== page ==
Power corrupts. And absolute power corrupts absolutely. This tenet has never been more evident than in the recent actions by the House of Representatives led by its Speaker, Rep. Pantaleon Alvarez, who threatened to abolish the Court of Appeals because it ordered the House to release six officials of the Ilocos Norte provincial government, who were cited for contempt and detained in the confines of the chamber.
The six Ilocos Norte officials were cited for contempt for failing to answer questions in connection with the House inquiry into the alleged misuse of tobacco funds in the province. Some of the provincial officials said they could not remember the transaction in question while some apparently gave answers that were not to the liking of House Majority Leader Rodolfo Farinas, a former Marcos ally who is now in a feud with the Marcoses in Ilocos Norte.
Farinas is in his last term as Ilocos congressman and is expected to challenge the Marcos- anointed candidate in the 2019 local elections. Gov. Imee Marcos is also in her last term as governor.
The six Ilocos officials went to the Court of Appeals and sought protection under the writ of habeas of corpus, which empowers the court to order an institution holding the petitioners to present them. The appellate court granted them the writ and ordered their provisional release on P30,000 bail each.
Alvarez, obviously blinded by his newfound power, went ballistic. Alvarez said he would defy the court, and the House has not released the six. Fariñas said the CA could not infringe on the constitutional power of Congress to cite errant resource persons for contempt.
Alvarez told reporters: “That’s gross ignorance of the law. Mga gago yang tatlong justices na yan!” Alvarez said, referring to the justices who issued the order. In different interviews, Alvarez also called the three justices “idiots,” “rotten,” and “crazy.” In debates and discourses, name-calling has been known as signs of inferior argument or an inability to present solid arguments.
Later, Alvarez dropped another bomb on the appeals court, threatening to abolish the court or reducing its budget to one peso, which would effectively shut it down, and insisted that the court had no authority to compel the House to release the so-called “Ilocos 6.”
“The CA is not even our co-equal branch. It is merely a creation of Congress. It exists because it was created by Congress,” Alvarez said in a radio interview. “The CA justices had better start thinking because any time, we can dissolve the CA.”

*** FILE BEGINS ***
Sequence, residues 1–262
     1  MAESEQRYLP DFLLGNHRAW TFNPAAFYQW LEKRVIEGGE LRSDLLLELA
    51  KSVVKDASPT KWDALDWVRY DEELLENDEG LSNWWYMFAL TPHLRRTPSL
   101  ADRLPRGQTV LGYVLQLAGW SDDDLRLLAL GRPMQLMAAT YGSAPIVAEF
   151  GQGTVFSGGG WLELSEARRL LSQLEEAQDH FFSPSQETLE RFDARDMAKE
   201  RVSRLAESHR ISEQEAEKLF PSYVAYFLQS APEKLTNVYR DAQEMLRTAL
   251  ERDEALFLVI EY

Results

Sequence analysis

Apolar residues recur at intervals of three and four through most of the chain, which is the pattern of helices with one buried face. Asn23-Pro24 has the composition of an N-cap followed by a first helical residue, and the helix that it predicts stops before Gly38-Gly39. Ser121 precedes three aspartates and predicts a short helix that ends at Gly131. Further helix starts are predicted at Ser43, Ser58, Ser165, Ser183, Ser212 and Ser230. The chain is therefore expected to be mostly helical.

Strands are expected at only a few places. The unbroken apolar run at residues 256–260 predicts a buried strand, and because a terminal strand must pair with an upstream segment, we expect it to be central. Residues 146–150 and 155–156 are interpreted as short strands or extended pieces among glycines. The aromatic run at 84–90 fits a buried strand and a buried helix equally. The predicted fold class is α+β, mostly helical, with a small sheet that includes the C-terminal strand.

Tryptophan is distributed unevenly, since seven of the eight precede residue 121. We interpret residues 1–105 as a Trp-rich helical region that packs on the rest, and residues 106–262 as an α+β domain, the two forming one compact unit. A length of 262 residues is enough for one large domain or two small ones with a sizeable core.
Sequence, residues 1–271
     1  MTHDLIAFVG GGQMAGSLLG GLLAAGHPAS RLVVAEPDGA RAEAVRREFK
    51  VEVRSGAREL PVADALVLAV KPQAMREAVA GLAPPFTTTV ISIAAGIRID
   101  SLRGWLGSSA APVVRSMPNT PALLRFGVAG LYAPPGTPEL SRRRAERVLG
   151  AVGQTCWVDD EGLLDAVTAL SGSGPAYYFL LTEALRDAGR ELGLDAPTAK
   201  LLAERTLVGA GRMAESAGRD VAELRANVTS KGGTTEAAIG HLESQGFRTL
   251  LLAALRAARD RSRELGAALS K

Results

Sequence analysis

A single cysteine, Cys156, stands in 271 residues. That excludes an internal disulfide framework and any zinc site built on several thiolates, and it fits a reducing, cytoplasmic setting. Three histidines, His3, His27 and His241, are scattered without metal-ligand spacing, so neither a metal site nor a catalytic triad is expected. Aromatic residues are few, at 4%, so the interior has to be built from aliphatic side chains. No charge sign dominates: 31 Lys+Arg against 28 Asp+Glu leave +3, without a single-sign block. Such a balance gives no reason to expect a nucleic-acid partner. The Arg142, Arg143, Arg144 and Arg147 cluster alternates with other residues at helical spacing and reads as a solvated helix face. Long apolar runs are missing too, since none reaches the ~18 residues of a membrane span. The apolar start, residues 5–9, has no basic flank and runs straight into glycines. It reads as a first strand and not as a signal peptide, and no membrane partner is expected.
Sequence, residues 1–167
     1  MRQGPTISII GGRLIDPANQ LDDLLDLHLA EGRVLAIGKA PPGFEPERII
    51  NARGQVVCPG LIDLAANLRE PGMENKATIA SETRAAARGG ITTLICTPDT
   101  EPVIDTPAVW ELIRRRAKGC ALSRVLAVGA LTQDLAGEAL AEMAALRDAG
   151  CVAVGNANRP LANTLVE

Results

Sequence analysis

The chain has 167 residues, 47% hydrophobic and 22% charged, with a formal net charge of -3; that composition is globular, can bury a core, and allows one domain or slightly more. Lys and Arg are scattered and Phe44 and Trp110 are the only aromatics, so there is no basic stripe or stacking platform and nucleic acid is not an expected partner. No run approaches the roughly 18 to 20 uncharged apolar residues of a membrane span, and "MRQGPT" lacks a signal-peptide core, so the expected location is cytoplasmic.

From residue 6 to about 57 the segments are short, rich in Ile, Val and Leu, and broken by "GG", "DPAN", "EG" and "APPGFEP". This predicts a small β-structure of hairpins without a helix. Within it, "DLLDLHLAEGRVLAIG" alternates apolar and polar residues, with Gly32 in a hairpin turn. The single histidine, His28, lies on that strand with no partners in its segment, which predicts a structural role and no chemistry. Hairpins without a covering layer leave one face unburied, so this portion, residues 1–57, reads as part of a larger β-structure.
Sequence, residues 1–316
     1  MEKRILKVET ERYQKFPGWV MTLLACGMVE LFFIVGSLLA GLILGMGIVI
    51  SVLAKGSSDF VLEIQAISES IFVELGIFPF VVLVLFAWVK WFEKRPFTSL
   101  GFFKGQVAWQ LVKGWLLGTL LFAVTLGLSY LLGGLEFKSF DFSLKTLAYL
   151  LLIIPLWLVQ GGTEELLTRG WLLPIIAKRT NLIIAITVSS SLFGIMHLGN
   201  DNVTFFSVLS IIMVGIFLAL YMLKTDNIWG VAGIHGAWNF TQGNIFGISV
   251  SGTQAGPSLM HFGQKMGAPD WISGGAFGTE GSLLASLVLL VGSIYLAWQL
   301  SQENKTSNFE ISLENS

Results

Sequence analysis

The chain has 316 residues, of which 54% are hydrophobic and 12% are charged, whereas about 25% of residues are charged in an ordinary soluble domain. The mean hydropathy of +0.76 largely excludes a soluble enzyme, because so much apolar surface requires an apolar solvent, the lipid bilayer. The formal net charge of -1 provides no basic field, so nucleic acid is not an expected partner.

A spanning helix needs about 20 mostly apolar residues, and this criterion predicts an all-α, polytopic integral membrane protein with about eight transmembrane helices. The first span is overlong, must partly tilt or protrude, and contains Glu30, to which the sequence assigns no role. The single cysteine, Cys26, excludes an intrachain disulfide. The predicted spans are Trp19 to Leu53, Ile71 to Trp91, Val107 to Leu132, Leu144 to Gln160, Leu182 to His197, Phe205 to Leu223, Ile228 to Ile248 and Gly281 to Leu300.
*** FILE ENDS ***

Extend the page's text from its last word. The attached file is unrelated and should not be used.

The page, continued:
This is simply a case of bullying by the country’s fourth highest ranking official, who has shown his brute arrogance in many instances in the past.
Earlier, Alvarez threatened members of the administration coalition to vote in favor of the death penalty bill or face expulsion from their committee chairmanship and memberships. Among his victim was former President and now Pampanga Rep. Gloria Macapagal Arroyo who was stripped of her functions as a deputy speaker.
And recently, Alvarez threatened to disobey the Supreme Court if it orders a joint session of Congress to review Duterte’s martial law declaration.
“They [the SC justices] do not have the right to dictate on Congress what we should do,” he said, citing separation of powers among the three branches of government. “Punitin ko yan [I will tear it up]!” he said, if the tribunal makes such a decision. Preempting the President, Alvarez also said martial law should be extended until the end of Duterte’s term in 2022.
Still not content with threatening to abolish the second highest court of the land, the House dynamic duo decided they would move to disbar the three CA justices who issued the order. Later, Farinas said 180 members of the House of Representatives have signed a draft resolution asking the Supreme Court to disbar the three justices of the Court of Appeals’ Special Fourth Division for “ignorance of the law and abuse of authority.”
Farinas has at least decided to go before the Supreme Court to settle the issue. The Constitution vests in the courts the power to issue the writ of habeas corpus precisely to ensure that no government official or entity would abuse its authority to detain individuals.
Separation of powers was embedded in the Constitution to ensure that none of the three branches of government – the Executive, Legislative and Judiciary – would abuse their powers and are working within the bounds of the law and the Constitution.
Simply, it is dictated by the rule of law, of which our new leaders in both Malacanang and Congress seem to have shown disregard. Without the rule of law, the country could easily slip into anarchy or tyranny. Being a lawyer, I’m sure Alvarez knows that.